In one of these cases in October, a man from Rajasthan, who extorted Rs 30 lakh from more than 300 victims, used the image of Delhi Police Commissioner Rakesh Asthana.
In another bizarre case, the officer said, the victim learned that the girl in the video had committed suicide and that he had to shell out money to close the case.
The videos, according to sources, are actually not that explicit in general, but the victims always cough up the money for fear of being humiliated by society.
Gangs operate as “mini cottage industries”
Sources said many sextortion gangs operate as “mini cottage industries”, with two to four members performing each scam. The “operations” are generally managed from one of the members’ homes, most often that of the “hub”. Laptops, phones and SIM cards are kept there along with everything else needed for the sextortion racket. Rooms, mostly towards the backyard of houses, often have tinted windows and long curtains.
“It’s like a mini cottage industry in the Mewat-Bharatpur-Alwar belt. In fact, they are often treated as the ‘ladki walas’ (on the bride’s side) in their native villages. Everyone knows what they’re doing, but hardly anyone wants to report them. Even when teams go to arrest them, villagers come together to lend their support in most cases, which makes the process difficult, ”said a police source, adding that more and more young people see sextortion rackets as viable employment opportunities.
Some gangs, in fact, have members who are only 14 years old.
To deposit their ill-gotten gains, gangs are setting up bank accounts, using fake IDs, all over India. “Gangs operate in modules. One module is responsible for creating these accounts and another makes the withdrawal. They take the Aadhaar details of the individuals and pay them an amount to open those accounts, ”the second source said.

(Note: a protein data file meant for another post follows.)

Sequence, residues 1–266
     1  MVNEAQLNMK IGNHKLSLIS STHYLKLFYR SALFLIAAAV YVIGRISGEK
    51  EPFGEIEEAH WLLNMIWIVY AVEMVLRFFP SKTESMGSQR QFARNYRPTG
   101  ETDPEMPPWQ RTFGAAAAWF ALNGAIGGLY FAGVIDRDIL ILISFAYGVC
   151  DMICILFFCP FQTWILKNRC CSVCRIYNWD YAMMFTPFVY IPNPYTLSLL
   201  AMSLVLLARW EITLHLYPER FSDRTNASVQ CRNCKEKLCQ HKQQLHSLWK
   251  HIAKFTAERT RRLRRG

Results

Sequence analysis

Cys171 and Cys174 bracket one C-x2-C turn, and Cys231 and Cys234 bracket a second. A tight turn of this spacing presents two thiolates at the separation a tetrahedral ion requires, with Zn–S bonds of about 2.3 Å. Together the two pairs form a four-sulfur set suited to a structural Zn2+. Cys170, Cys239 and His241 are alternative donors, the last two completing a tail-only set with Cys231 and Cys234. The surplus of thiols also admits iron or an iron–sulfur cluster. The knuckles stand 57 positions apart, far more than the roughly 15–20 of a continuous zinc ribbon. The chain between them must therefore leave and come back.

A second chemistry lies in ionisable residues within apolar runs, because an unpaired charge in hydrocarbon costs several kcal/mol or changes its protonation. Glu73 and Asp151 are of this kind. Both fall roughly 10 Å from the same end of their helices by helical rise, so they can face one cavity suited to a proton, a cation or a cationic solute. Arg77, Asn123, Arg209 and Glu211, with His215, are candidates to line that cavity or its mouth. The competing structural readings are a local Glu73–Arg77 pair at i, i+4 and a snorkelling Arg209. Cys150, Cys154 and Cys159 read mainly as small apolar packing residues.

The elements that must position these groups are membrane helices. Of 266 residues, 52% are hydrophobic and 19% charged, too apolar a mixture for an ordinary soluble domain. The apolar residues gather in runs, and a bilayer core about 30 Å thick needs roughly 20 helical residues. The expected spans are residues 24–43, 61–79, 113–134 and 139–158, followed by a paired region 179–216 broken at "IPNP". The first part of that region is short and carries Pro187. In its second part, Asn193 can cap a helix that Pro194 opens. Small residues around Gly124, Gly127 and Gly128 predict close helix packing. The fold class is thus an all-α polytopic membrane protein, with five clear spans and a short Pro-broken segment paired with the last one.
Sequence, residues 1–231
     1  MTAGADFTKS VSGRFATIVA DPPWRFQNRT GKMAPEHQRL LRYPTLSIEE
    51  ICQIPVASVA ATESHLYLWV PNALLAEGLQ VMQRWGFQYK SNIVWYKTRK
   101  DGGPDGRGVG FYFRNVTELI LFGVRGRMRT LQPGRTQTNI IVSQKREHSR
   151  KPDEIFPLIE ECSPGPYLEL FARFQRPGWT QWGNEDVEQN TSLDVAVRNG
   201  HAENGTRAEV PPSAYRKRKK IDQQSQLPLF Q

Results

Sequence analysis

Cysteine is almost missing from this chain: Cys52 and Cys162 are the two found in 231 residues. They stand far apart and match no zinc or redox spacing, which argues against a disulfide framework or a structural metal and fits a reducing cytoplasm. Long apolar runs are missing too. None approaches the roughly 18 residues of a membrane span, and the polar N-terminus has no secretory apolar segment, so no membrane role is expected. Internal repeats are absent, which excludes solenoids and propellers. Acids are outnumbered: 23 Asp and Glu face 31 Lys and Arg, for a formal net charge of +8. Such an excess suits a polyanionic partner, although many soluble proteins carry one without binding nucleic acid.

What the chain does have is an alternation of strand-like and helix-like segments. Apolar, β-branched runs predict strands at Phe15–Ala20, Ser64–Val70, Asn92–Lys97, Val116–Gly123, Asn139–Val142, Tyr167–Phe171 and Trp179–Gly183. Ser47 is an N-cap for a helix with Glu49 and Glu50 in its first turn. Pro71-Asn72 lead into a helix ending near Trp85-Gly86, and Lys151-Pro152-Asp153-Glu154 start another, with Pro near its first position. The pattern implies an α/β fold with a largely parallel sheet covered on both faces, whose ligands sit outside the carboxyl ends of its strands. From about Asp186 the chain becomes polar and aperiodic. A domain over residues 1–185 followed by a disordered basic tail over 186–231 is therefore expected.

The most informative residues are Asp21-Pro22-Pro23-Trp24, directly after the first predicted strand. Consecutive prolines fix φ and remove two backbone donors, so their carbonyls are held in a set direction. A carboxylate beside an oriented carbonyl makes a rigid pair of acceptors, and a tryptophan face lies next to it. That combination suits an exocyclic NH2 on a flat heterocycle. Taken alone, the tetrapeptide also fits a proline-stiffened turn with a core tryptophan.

Typically, gangs have two to four members leading the first extortion attempt, but they can amass a staggering number of casualties over time.
In one of the most important cases to be resolved this year, police found more than 40 videos of victims on the phones of gang members, who were operating from Bharatpur. In this case, the police received the first complaint in October 2020, but it took them about three months to arrest the six gang members. “The defendants were using SIM cards and bank accounts obtained using fake and fake IDs, so locating them was a challenge,” Anyesh Roy, DCP cyber cell, said at the time. Recount the media.
A police source told ThePrint that sextortion gangs often target men over 40, for “psychological and sociological reasons.”
“First, they are married and fear exposure to their families and society. Second, they have the resources to repay the amount of the extortion. They are easy to trap, ”the source said.
Before making contact, gang members go through the list of Facebook friends and post the target’s history. “They study the accounts of the men, of their entourage. This allows them to blackmail the victims more, ”the source said.
Unfortunately, most targets are reluctant to contact the police for fear of social stigma, and when they do, they usually want to avoid going to court. This, according to police sources, can hamper investigations and convictions.
“There is a lot of social stigma associated with reporting sextortion cases to the police. More often than not, the victim does not want to file a complaint and even if she does, she refuses to appear in court for having recorded the statement and identified the video. This causes delays in the probe. Most of them want to take a settlement instead of the legal sentencing process, ”said KPS Malhotra, DCP Cyber Cell, IFSO.
Police sources have also shed light on the careful steps of a cyber sextortion investigation. “The investigation begins with tracking the numbers from which the calls were made. Once the numbers are tracked, subscriber details are verified – CDR (Call Details Records), linked banks, e-wallets like Paytm (for top-ups), etc. Since the numbers are coming from a different location, it takes careful investigation to locate the actual users, ”the third source said. If caught, the accused in such cases is usually charged under Sections 384 (punishment for extortion), 420 (cheating), 120B (conspiracy) and 419 (cheating by impersonation) of the Indian Penal Code.
(Edited by Asavari Singh)
Also read: CBI dismantled child sex racket “spreads from Pakistan to US, shares videos on social media”